After several false starts, Warner Bros.’ classics division has finally gotten off the ground.
Warner Bros. Entertainment announced Thursday the creation of Warner Independent Pictures, naming former Miramax L.A. prexy Mark Gill as president.
Gill will report to Warners production prexy Jeff Robinov, though ultimate greenlight authority for the division remains with Alan Horn, president and chief operating officer of Warner Bros. Entertainment.
Initially, Warner Independent is expected to produce or acquire up to 10 films per year with production budgets up to $20 million. The division will be based on the lot.
Films are expected to come from new and established directors, acquisitions, and international filmmakers who are part of WB’s local-language production activities.
“Creatively we are very open to the types of films we make. For us, hopefully, its going to be a filmmaker driven agenda. Its really about creating and maintaining filmmaker relationships,” Robinov said.
Gill said of the 10 pics a year, seven to eight will be productions and only two or three acquisitions. He added that he would like to include foreign-language projects in the mix.
“I really want to do a couple a year. I think it’s really important culturally to be involved with them,” he said.
In terms of staffing, Gill said five or six key execs will be hired.
“We will be very lean, but I am looking to hire heads of production, acquisition, distribution, publicity, marketing and business affairs within the next 60-90 days,” Gill said.
Who has greenlight?
Over the issue of how much autonomy Gill will have under the new company, he reiterated that Horn has the greenlight but added, “Alan, Jeff and I will jointly decide how to do things,” with the division expected to make its own marketing and distribution decisions.
“Alan has always been clear in telling me, ‘Find things you love that you think can work; package and budget them and let me know what you’ve got,’ ” Gill said.
Robinov, however, stressed the division will be really a distribution company. “It is not a development company and does not have a development fund per se. ”
Warner Bros. is the last major studio to launch a classics arm; Universal, Fox, Paramount, Sony, Disney and MGM have long-established divisions in place.
Gill made clear that Warner Bros. has made a long-term commitment to the division.
“Quite clearly it comes in response to keeping filmmakers like Steven Soderbergh at the studio who want to make both big and smaller movies. We will probably be able to help the studio recruit the next generation of interesting filmmakers,” he said.
Gill also noted WB’s experience with such films as “A Mighty Wind” have given it a taste for more product in the indie arena and also acknowledged the division will in part be making movies in consideration for Oscars.
“Warner Independent will operate as a true independent film company,” Robinov said. “We want to be the place where filmmakers want to do all of their films, from their first to their last, from the smallest to the biggest.”
He added: “Would we do a Pedro Almodovar movie for example? Yes for sure. It’s our hope the movies will reflect some filmmaker vision and intent, and in the process we’ll also get to work with really talented actors.”
Division has already identified several possible pics to be released under the new label.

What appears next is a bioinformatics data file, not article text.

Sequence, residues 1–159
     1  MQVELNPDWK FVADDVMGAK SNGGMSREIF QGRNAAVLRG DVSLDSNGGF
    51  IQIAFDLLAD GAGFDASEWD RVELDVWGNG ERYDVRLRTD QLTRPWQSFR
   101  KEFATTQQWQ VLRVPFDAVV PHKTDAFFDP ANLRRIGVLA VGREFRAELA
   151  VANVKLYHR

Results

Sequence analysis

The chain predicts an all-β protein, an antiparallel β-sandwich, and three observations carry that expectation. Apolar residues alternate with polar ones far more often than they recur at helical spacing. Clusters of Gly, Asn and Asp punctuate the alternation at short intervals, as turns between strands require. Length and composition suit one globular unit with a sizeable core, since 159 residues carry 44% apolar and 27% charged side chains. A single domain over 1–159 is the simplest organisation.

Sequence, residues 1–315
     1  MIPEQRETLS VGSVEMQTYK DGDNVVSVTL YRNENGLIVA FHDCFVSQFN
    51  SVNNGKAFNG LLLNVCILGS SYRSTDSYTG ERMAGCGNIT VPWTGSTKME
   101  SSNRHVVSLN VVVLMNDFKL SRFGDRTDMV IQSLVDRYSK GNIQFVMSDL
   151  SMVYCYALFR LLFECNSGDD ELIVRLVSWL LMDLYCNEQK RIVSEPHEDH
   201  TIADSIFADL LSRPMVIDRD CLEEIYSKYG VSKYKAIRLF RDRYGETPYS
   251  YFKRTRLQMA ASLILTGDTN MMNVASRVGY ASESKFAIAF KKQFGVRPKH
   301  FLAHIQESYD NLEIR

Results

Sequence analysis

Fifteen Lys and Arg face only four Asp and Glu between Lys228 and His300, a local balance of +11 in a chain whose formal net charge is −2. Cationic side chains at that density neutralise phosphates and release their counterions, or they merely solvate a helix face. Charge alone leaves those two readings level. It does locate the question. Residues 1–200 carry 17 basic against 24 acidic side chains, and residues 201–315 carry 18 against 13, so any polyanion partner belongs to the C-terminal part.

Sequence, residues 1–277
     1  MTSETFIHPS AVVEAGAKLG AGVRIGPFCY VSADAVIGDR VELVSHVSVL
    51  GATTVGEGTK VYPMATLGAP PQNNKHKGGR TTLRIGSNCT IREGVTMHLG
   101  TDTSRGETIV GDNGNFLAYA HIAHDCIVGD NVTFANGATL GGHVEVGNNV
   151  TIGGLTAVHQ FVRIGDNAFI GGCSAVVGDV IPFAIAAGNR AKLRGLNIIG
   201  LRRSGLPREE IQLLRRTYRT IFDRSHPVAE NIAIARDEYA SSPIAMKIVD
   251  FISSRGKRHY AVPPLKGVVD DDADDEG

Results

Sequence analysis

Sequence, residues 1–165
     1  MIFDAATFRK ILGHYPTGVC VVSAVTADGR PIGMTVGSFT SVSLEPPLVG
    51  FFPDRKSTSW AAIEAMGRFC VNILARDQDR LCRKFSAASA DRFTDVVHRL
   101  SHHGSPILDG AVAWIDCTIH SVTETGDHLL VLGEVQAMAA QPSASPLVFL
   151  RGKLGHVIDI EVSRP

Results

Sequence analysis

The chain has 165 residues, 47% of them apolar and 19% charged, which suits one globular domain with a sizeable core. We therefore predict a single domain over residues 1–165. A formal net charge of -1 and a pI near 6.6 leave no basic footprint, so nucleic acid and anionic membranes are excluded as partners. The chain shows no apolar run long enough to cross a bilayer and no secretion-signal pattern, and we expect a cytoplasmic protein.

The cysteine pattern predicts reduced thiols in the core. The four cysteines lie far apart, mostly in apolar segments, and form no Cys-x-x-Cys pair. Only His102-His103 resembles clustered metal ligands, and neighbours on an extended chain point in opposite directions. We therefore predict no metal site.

These include “Home at the End of the World,” starring Colin Farrell; Section Eight’s omnibus pic “Eros”; “Criminal,” an English-language remake of the Argentinean pic “Nine Queens”; and “The Jacket,” for director John Maybury, with Adrien Brody likely to star.
Another pic likely to land at WIP is “Around the Bend,” written by Jordan Roberts, who will make his directorial debut. Pic will star Christopher Walken, Michael Caine and Josh Lucas.
First pic a year off
Although it is unclear which pic will be the first release at the new division, Gill said the first out the gate won’t be until spring or summer 2004.
As to the role Warner-based Section Eight will likely have in the division, Gill said the company is “an important producer and supplier, but has no formal role in the company. We are completely autonomous.”
Gill joins WIP after exiting his post as president of Stratus Film in an amicable settlement just ahead of the expiration of his initial one-year deal with the company.
Stratus producer-financier Bob Yari, who founded the company with producer Mark Gordon last year, said: “Mark Gordon and I agreed that it was a good move for him as well as for Stratus. We will continue to work closely with Mark to produce quality films.”
Stratus status cloudy
It’s not clear who will succeed Gill at Stratus, which has a first-look deal with Universal, though it is expected Gill will have an ongoing production relationship with Stratus through WIP.
“We are very interested in co-financing or having them produce for us going forward,” Gill said.
Yari and Gordon are already talking to potential candidates to fill a president-of-production type post.
Gordon, who’s in post-production on Roland Emmerich tentpole “The World of Tomorrow,” is expected to play a greater day-to-day role in the company.
Stratus chose not to exercise its option to renew Gill’s contract, and the company has been negotiating the terms of his exit for the last several weeks.
At Stratus, Gill was involved with pics including “Laws of Attraction,” starring Pierce Brosnan and Julianne Moore.
Before Stratus, Gill was Miramax’s L.A. prexy and was responsible for development, production, post-production, acquisitions and marketing. He oversaw films including “Frida,” “In the Bedroom,” “Amelie,” “The Talented Mr. Ripley,” “The Quiet American,” “Central Station” and the upcoming “Under the Tuscan Sun.”